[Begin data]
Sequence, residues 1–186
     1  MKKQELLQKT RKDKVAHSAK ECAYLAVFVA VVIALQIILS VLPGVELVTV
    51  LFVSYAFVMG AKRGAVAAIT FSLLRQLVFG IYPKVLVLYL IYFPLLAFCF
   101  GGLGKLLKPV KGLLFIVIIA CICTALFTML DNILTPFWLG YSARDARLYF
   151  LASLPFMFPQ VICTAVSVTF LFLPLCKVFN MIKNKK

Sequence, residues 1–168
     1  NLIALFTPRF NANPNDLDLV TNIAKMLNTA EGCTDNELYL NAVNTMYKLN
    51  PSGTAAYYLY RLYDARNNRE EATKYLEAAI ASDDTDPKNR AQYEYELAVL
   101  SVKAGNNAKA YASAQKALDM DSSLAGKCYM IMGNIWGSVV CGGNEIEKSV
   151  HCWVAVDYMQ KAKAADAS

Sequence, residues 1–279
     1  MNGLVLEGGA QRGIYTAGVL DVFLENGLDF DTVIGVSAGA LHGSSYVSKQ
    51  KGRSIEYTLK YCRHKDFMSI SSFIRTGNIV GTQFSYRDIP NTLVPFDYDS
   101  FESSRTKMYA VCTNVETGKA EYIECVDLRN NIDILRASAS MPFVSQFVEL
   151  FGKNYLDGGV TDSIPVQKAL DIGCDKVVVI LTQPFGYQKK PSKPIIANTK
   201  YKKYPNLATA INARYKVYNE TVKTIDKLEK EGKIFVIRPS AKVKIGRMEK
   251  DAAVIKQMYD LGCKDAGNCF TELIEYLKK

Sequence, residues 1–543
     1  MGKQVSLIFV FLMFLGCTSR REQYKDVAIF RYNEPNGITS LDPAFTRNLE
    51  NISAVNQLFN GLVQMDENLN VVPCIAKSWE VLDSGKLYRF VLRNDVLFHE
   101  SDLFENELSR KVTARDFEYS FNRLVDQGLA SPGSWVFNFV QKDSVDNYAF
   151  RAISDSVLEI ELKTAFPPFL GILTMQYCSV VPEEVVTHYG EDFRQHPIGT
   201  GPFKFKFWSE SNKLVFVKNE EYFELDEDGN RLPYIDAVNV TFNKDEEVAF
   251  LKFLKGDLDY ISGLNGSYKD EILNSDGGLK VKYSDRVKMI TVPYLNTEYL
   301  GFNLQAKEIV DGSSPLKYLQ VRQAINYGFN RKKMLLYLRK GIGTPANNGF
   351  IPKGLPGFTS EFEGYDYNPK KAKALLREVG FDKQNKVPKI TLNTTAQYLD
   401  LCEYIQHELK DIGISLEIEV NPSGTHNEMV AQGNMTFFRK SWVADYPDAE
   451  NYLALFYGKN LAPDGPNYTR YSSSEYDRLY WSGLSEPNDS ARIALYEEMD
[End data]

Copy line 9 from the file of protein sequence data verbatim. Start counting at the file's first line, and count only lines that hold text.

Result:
   101  SVKAGNNAKA YASAQKALDM DSSLAGKCYM IMGNIWGSVV CGGNEIEKSV